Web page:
IISc’s website also said that the project requires around Rs 15 crore to carry out further studies like creating first generation vaccine candidate in four months, production technology in next eight months and initiate phase-1 human clinical trial in 12 months.
“The goal is to develop a rapidly producible vaccine for protection to front-line health workers, senior citizens and individuals with comorbidities such as cardiovascular disease and diabetes,” IISc said.
With critical, catalytic funding and support from the Bill and Melinda Gates Foundation, a number of spike protein derivatives have been designed and characterised at IISc.
“These are being tested in animal models through the IISc incubated start-up, Mynvax. The design which shows the best results in animals will be advanced to development of production technology, safety and toxicity testing, followed by GMP manufacturing for use in Phase-1 clinical trials,” the research team of Mynvax said.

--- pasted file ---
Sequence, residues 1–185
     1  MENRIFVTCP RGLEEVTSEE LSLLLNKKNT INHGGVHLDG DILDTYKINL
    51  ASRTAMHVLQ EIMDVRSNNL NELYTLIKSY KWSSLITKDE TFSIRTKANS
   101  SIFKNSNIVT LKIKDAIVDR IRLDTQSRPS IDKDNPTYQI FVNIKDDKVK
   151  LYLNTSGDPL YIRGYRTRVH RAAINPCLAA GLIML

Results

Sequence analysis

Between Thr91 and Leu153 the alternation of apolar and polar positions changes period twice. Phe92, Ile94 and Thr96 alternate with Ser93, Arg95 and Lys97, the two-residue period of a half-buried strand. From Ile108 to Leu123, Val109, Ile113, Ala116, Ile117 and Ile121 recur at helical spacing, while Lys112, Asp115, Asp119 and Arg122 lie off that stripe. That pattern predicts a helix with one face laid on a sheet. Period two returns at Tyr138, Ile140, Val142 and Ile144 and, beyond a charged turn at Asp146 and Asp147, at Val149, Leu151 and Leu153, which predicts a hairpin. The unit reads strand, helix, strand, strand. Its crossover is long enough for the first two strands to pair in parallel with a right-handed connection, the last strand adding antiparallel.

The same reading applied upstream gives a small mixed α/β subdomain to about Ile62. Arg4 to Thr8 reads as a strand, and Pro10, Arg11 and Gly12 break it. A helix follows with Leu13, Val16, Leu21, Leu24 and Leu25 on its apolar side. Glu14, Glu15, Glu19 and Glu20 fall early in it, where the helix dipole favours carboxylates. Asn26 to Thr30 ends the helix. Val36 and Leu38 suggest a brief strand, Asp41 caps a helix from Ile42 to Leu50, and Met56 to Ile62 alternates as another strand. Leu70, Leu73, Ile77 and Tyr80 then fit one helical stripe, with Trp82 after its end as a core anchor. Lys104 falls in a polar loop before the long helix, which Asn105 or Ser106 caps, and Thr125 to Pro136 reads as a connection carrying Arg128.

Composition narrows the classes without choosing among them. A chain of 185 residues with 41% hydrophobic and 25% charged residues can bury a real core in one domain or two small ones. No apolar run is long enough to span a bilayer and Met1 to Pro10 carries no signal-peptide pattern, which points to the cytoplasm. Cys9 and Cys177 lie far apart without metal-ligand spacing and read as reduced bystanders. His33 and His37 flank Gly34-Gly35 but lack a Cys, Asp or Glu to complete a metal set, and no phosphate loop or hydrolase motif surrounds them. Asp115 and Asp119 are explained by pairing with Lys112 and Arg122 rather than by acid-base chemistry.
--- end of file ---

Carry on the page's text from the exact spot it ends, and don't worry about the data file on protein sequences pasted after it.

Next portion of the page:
The immunisation with a vaccine should provide significant protection to individuals at high risk of aggravated illness upon contracting the infection.
“Previous studies have shown that antibodies against the spike glycoprotein found on the surface of the earlier 2003 SARS-CoV virus inhibit viral infection in cell culture, and confer protection against infection in animal models. Hence, we and others are attempting to design and test variants of the spike glycoprotein of SARS-CoV-2 as vaccine candidates,” the team further said.
Mynvax estimates that at least 100 million doses will be required to meet India’s requirement if the SARS-CoV-2 infection persists for the medium to long-term.
It was founded by Raghavan Varadarajan, a professor at IISc’s Molecular Biophysics Unit, and Gautham, a biotech entrepreneur, in 2017 to develop novel recombinant vaccines to fight the human influenza virus.